Death toll in Hawaiian skydiving plane crash rises to 11
The crash occurred near Dillingham Airfield, on the north shore of Oahu, the Hawaii Department of Transportation said.
The state's transportation agency had initially said first responders reported six deaths. The death toll rose to nine and then to 11. The department tweeted there were "no survivors."
"It's very difficult. In my 40 years as a firefighter here in Hawaii, this is the most tragic aircraft incident we've had," Fire Chief Manuel Neves said, according to NBC affiliate KHNL.
Officials with the Honolulu Fire Department told KHNL that the first reports of a downed aircraft came in at 6:30 p.m., and when firefighters arrived they found the wreckage of the plane fully engulfed in flames.
The airport is a public and military use airport, but officials told the station that the plane that crashed was not a military aircraft.
U.S. Army Garrison Hawaii tweeted a traffic advisory that stated a highway was closed due to a skydiving aircraft accident.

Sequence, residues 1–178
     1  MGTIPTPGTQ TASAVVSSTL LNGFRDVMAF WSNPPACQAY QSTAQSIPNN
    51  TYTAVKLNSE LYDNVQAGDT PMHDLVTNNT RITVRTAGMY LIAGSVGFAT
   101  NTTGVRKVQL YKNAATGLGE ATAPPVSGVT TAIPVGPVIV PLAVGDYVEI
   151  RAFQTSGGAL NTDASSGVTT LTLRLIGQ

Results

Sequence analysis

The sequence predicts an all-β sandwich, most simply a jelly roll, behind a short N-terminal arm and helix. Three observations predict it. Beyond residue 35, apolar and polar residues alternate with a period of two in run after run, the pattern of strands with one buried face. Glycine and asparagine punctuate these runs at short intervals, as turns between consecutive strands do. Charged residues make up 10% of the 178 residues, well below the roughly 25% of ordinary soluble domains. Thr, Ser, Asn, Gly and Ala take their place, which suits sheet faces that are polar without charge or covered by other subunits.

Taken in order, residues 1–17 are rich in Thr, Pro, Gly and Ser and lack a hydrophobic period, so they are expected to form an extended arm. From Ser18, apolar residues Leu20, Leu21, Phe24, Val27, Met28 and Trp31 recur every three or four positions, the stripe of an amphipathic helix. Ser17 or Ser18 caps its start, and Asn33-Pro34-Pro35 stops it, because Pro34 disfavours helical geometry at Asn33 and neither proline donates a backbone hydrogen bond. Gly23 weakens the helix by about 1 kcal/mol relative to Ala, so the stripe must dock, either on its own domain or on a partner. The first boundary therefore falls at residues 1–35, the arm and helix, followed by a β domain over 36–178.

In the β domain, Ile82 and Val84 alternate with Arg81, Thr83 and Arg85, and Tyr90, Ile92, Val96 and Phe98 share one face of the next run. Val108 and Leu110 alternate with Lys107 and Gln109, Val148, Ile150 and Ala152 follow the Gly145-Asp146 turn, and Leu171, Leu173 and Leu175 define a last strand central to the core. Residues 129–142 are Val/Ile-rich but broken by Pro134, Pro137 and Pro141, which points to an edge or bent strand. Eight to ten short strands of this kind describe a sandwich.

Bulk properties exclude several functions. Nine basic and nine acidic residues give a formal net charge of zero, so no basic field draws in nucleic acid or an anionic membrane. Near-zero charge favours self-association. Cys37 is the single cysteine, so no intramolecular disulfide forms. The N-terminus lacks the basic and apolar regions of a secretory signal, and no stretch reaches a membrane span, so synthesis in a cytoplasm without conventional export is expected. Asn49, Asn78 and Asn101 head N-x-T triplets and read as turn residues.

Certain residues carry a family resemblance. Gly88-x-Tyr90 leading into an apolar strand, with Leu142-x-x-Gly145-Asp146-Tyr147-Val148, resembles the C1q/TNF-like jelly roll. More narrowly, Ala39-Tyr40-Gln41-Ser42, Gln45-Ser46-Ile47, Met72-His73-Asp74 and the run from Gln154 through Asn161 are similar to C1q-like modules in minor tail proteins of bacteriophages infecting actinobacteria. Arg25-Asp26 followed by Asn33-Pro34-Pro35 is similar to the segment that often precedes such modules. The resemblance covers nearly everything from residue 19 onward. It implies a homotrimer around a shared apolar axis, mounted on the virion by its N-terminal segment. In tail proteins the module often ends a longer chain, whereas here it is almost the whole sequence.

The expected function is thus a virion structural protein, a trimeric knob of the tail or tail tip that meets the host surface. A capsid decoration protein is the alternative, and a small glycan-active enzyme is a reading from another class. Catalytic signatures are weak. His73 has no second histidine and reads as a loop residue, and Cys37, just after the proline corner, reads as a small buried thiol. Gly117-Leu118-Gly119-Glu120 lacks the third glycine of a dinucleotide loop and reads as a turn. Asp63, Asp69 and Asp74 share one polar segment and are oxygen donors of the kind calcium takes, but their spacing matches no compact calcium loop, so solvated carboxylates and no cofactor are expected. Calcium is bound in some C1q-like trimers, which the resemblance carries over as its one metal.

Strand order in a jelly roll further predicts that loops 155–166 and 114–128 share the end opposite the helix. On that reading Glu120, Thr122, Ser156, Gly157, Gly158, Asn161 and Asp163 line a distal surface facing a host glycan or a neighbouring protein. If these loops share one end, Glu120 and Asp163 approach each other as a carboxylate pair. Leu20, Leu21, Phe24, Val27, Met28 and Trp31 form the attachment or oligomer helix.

The Hawaii Department of Transportation operates Dillingham Airfield under a lease from the Army, according to its website.
Kirk Caldwell, mayor of the city and county of Honolulu, said in a statement that he was closely following developments.
"At this time our thoughts and prayers are with the family and friends of the victims," Caldwell said.
Two inspectors from the Federal Aviation Administration were at the crash site Friday evening, the agency said in a statement.
The National Transportation Safety Board said on Twitter on Saturday morning that it is sending a team to investigate the crash.